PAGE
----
Family strolls on a beach in Bangladesh/Shutterstock

10 January 2024

In Bangladesh, financial inclusion is driving climate resilience

By Mahbub Hassan, Deputy Director of Sustainable Finance at Bangladesh Bank (BB)

Bangladesh, on the frontline of climate change, is transitioning to a greener and more inclusive financial system, with the country’s central Bangladesh Bank (BB) playing a leading role. Bangladeshi banks and financial institutions (FIs) are investing over USD 1.1 billion a year in green finance products, and a new climate resilience policy will help vulnerable communities build resilience and mitigate losses.

Low-lying and with an extensive coastline, Bangladesh is ranked the seventh country in the world most at risk of climate change according to the Global Climate Risk Index. Rising sea levels, flooding, and tropical cyclones have all had devastating impacts on livelihoods, agricultural output, and inland population density.

These environmental challenges drove the BB’s quest for solutions and helped it draw a direct link between financial inclusion and climate change. By making climate-friendly products more affordable and accessible through sustainable finance and other financial sector initiatives, we allow vulnerable populations to form part of the country’s green transition while helping them mitigate climate risks.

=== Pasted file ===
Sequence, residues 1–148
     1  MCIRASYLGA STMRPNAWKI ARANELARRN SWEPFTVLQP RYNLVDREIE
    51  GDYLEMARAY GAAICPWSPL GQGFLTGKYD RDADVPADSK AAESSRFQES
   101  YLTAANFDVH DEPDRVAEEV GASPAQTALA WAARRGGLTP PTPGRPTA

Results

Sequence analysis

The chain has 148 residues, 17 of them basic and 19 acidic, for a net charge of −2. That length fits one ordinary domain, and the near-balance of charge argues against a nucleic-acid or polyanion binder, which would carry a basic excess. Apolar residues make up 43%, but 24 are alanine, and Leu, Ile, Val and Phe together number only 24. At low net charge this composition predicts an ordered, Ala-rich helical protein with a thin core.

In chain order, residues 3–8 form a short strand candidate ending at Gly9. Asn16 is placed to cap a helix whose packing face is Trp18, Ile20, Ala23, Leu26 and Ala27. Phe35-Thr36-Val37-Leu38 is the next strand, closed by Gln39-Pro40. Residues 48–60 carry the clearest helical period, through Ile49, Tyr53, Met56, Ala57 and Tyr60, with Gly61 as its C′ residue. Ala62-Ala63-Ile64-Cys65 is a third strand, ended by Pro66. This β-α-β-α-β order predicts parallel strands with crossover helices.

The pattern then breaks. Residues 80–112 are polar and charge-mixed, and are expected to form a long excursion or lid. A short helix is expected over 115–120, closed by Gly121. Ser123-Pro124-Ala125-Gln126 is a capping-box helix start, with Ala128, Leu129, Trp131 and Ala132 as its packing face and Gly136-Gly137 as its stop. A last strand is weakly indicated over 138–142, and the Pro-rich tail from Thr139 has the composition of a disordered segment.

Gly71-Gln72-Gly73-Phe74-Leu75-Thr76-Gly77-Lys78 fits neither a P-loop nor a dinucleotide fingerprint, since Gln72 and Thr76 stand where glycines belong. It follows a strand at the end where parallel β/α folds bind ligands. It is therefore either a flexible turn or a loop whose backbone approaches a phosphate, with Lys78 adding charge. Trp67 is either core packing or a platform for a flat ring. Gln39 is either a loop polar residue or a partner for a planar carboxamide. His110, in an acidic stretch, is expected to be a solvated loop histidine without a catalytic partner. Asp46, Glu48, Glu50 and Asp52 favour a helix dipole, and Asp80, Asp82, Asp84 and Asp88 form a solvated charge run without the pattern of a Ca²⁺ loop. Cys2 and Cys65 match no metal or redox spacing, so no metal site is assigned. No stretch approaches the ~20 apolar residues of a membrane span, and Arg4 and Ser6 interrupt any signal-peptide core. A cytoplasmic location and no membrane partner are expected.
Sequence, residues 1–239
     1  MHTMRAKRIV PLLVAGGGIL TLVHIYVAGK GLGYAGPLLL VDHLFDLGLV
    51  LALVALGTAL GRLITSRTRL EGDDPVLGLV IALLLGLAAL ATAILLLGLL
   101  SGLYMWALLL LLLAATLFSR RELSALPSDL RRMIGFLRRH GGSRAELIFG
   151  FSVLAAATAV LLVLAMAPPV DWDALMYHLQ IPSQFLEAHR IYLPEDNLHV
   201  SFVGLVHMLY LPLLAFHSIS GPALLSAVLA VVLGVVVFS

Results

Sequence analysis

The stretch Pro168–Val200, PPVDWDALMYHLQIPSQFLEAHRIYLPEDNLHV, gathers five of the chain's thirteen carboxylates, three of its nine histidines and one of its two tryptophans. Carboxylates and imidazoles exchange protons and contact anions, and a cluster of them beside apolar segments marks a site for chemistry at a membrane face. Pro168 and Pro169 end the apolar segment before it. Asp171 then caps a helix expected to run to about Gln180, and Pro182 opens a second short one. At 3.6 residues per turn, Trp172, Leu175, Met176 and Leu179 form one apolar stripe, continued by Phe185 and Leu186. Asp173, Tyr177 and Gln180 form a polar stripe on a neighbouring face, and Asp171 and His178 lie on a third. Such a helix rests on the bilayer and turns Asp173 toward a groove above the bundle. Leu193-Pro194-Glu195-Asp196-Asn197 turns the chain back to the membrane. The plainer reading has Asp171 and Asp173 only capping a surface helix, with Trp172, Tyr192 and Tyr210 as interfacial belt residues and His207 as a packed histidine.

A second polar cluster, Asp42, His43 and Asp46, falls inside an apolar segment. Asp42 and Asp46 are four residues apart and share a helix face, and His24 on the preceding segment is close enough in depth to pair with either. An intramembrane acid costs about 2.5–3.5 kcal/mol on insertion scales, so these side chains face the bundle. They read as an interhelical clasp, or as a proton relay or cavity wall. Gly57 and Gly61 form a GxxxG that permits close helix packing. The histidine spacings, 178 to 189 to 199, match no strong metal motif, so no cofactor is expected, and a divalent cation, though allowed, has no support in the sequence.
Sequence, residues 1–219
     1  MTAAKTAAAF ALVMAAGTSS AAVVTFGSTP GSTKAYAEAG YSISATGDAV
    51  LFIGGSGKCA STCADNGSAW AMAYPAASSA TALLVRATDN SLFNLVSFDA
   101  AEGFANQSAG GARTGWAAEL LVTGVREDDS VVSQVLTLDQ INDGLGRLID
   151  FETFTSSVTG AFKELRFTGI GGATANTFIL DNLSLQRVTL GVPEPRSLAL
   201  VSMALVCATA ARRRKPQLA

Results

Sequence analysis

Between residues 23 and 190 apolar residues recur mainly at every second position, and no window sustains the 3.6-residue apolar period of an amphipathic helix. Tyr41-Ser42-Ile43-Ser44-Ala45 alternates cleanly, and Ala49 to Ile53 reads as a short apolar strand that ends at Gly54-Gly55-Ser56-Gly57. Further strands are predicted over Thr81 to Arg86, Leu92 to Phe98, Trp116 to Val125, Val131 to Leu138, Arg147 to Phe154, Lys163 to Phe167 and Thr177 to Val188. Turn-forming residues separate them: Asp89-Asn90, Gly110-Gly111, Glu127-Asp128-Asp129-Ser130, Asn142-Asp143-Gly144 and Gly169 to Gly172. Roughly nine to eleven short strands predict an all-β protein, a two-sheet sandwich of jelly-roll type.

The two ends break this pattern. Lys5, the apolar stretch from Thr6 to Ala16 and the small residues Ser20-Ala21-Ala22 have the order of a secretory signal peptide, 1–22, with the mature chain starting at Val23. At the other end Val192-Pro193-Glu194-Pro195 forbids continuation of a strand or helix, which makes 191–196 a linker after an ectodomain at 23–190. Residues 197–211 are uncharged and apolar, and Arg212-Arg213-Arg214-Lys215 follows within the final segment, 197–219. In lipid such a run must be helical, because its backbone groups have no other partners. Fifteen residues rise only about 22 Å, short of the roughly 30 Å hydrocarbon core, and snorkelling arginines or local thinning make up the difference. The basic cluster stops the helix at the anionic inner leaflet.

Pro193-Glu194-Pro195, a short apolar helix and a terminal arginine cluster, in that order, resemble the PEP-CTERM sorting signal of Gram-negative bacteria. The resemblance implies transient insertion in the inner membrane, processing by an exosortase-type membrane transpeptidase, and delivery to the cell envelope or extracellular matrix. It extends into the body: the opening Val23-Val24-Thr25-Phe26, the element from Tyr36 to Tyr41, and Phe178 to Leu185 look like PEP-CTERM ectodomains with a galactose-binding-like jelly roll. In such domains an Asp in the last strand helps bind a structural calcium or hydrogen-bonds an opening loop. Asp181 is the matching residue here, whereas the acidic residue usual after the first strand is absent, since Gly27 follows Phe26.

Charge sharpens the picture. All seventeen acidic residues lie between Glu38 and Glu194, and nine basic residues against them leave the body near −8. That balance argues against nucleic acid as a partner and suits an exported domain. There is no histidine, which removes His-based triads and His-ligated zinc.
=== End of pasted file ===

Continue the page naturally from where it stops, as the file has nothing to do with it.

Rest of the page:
Bangladesh Bank has been working on its green finance policy since 2009 and soon after, in 2011, we introduced our first green banking guideline for banks and FIs. By 2014 BB had required all banks and FIs to direct at least 5 percent of their funded loans to green finance and by 2015, 10% of their Corporate Social Investment budgets had to be dedicated to climate risk. To avoid greenwashing, we issued a list in 2017 of products and initiatives considered eligible for green financing by banks and FIs alongside a methodology for assessing the financial profitability, and environmental and social feasibility of green finance products and initiatives.

Our 2020 Sustainable Finance Policy (including a green taxonomy) was updated in 2023 to make it more gender inclusive. A number of regional central banks, including China, Indonesia, and Thailand, have already used it as a model to build their own sustainable finance policies.

Today, we have 94 green products across 14 sectors. Central bank data shows that in 2022 alone Bangladeshi banks and financial institutions invested up to USD 12 billion in sustainable finance and over USD 1.1 billion in green finance. That’s a 58 percent and 69 percent increase respectively since 2021.

Looking ahead, BB hopes to develop a climate resilience policy that is based on solid research on how climate change affects communities on the ground.

At BB we are often asked why it’s so crucial that central bank mandates include inclusive green finance policymaking. The answer is simple: Banks and financial institutions are the veins through which a country’s heart – its central bank – needs to pump sustainable policies if it wants its economy and its people to survive climate change.



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